Book: Shatter Me
Author: Tahereh Mafi
Publisher: HarperTeen
Release date: November 15, 2011
Source: ARC received from Around the World Tours
Series: Shatter Me #1

Summary: (from Goodreads) Juliette hasn’t touched anyone in exactly 264 days. The last time she did, it was an accident, but The Reestablishment locked her up for murder. No one knows why Juliette’s touch is fatal. As long as she doesn’t hurt anyone else, no one really cares. The world is too busy crumbling to pieces to pay attention to a 17-year-old girl. Diseases are destroying the population, food is hard to find, birds don’t fly anymore, and the clouds are the wrong color.

The Reestablishment said their way was the only way to fix things, so they threw Juliette in a cell. Now so many people are dead that the survivors are whispering war – and The Reestablishment has changed its mind. Maybe Juliette is more than a tortured soul stuffed into a poisonous body. Maybe she’s exactly what they need right now.

Juliette has to make a choice: Be a weapon. Or be a warrior.

In this electrifying debut, Tahereh Mafi presents a world as riveting as The Hunger Games and a superhero story as thrilling as The X-Men. Full of pulse-pounding romance, intoxicating villainy, and high-stakes choices, Shatter Me is a fresh and original dystopian novel รข?? with a paranormal twist รข?? that will leave readers anxiously awaiting its sequel.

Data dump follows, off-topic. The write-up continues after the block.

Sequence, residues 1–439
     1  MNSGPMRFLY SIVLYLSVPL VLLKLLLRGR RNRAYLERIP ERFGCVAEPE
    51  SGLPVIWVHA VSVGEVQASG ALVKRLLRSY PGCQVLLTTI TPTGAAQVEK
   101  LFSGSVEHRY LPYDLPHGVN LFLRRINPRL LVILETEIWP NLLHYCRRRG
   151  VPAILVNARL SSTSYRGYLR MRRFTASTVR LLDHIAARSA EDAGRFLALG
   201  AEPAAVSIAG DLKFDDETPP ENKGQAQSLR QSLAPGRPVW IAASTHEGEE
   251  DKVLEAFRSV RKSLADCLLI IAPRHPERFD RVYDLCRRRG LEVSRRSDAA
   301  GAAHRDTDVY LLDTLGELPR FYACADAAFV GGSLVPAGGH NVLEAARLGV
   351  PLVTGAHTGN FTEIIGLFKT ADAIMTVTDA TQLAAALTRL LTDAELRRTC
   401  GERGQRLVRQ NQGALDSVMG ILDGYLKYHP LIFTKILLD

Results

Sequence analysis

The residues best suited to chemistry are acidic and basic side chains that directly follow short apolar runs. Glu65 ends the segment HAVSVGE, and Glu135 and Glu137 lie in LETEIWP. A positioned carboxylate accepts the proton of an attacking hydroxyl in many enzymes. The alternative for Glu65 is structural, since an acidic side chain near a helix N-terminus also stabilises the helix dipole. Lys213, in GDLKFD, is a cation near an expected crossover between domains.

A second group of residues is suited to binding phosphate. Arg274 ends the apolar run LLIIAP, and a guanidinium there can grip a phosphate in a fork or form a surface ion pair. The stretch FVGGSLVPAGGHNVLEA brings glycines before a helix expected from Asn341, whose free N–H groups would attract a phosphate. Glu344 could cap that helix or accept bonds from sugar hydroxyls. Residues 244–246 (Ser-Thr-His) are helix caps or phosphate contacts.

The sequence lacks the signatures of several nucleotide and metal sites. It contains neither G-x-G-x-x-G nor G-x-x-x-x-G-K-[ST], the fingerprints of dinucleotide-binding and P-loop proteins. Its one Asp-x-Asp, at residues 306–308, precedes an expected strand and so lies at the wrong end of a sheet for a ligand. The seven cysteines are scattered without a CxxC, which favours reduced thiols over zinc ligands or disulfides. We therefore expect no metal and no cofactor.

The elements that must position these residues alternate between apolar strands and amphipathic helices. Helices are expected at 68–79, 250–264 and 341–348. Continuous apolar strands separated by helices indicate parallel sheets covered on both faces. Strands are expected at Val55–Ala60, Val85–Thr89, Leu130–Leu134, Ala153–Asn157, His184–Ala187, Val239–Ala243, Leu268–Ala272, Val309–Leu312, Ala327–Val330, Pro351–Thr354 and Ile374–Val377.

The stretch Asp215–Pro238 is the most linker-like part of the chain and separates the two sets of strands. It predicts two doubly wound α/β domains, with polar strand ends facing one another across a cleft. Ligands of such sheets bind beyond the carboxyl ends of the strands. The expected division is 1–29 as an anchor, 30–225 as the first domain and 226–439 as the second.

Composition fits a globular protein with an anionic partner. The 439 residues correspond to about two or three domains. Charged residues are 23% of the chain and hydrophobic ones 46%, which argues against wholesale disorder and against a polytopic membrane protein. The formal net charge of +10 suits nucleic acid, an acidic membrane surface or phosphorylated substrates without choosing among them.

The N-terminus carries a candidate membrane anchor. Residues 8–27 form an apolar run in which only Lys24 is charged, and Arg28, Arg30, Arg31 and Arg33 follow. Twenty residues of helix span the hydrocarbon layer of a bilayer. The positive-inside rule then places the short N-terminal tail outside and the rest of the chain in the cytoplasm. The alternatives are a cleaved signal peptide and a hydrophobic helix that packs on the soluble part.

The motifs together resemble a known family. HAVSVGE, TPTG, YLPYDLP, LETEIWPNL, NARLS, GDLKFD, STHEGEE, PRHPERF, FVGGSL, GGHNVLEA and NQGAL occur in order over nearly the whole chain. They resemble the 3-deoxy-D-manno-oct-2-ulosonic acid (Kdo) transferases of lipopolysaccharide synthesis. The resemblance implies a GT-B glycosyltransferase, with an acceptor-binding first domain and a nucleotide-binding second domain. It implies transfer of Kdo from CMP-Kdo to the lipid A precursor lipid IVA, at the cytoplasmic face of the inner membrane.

First impressions: Juliette is a beautiful character. From the beginning, we are alone in her thoughts, as she whiles away her time in isolation. Her touch kills people, and for the last 264 days she has been alone in a wreck of a psychiatric hospital/jail with only a window and a notebook to pass the time. I fell in love with this sweet girl who dreamed of birds in flight and wished for a taste of fresh air.

Lasting impressions: Never has a title of a book been more appropriate. The writing and the characters and the world all made me want to shatter into pieces. Though the ending of the story went a different direction than I anticipated, it was not unwelcome. I’m excited to see where the next chapter in Juliette’s life takes us.

Conflicting impressions: At times the stylistic prose pulled me out of the story. How many ways can Juliette describe falling to pieces? A lot. I also wish that we’d gotten more of the history of her world in order to understand Warner’s motives as the villain. He kidnaps Juliette for his own purposes, but we don’t really know what those are because Juliette is so in the dark about the world outside her cell. I felt like I was flying blind a lot of the time.

Overall impressions: Despite the aforementioned flaws, and a perhaps tired plot that feels like a re-tread of the X-Men, I still absolutely loved this book. Tahereh Mafi fills her plot with such incredible characters that I couldn’t help but be captivated by all of them.

Juliette is one of the most sympathetic characters I can remember reading recently. She has been neglected by her parents and forced to avoid human contact for her entire life. My God! I would die! Yet she has remained kind, thoughtful, and perhaps most surprising, sane. She never gives up, and I admired that about her.